Researchers behind an energy system that makes storing solar energy, for up to 18 years, possible, have now taken the system a step further
Eventually, the research – developed at Chalmers University of Technology, Sweden – could lead to self-charging electronics using stored solar energy on demand. Kasper Moth-Poulsen, professor at the Department of Chemistry & Chemical Engineering at Chalmers, discusses the study.
Global energy demand continues to grow as population and wealth increase. Unfortunately, traditional fossil fuels are limited and not widely distributed on our planet. At the same time, burning fossil fuels has already generated serious environmental and health effects, including global warming and air pollution.
Solar energy is one of the most abundant sources of renewable energy on Earth. Previously it has been estimated that, for each year, the absorption and scattering of incoming photons to the surface of the Earth is around 7,000-8,000 times the annual world primary energy consumption. Hence, the development of solar technology can potentially relieve the increasing world energy pressure.
Molecular Solar Thermal Energy Storage System
Among various solar-based technologies, a less discovered system, called Molecular Solar Thermal Energy Storage System (MOST) has potential for renewable and emissions-free energy production. The system is a closed energy system based on a specially designed organic photoswitchable molecule free of heavy metals. When the material is exposure under sunlight, it changes shape into an energy-rich isomer — a molecule made up of the same atoms but arranged together in a different way. The isomer can then be stored for later use.
To release the stored energy on-demand, a fixed-bed catalyst can trigger the saved energy as latent heat while returning the molecule to its original shape, so it can then be reused as solar heating battery (Figure 1). Ideally, we have estimated that up to 21% of the incoming sunlight can be stored in such a system. Recently, the refined system has been optimised to the point that it is now possible to store the energy for up to 18 years.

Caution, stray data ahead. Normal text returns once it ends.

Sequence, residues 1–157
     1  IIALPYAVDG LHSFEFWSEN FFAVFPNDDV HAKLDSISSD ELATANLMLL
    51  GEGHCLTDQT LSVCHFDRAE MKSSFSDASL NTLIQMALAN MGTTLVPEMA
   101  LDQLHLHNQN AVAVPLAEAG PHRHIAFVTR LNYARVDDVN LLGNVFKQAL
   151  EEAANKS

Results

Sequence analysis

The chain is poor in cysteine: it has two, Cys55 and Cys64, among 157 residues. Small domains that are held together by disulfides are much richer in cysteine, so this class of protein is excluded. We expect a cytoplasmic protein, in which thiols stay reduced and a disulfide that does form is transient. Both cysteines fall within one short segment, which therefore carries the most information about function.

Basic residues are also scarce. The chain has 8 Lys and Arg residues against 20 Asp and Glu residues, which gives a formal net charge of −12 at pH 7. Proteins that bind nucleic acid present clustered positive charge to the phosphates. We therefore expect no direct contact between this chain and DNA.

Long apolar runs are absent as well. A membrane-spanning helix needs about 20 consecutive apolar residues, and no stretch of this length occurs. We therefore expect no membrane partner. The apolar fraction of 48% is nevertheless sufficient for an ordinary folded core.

Stored solar energy can be used for electricity generation
In addition to storing solar energy for the purpose of heating, one could also use the stored solar energy for electricity generation. Our new study, published in Cell Reports Physical Science, which has been carried out in collaboration with researchers in Shanghai, China, takes the solar energy system a step further, detailing how it can be combined with a compact, micrometre-thin thermoelectric generator to convert solar energy into electricity (Figure 2).
Essentially, Swedish sunshine was initially being stored inside our specifically designed molecules and sent to the other side of the world. These charged materials have then been put on top of the thermoelectric generator and successfully produced electricity in China.
The research has already attracted great interest worldwide when it was presented at earlier stages. To be further highlighted, this is a very compact and local solar electrical power generator that operates entirely differently than the traditional photovoltaic battery storage combinations. In particular, it can be charged and discharged across half of the planet over a few months.
Professor, Department of Chemistry & Chemical Engineering
Chalmers University of Technology
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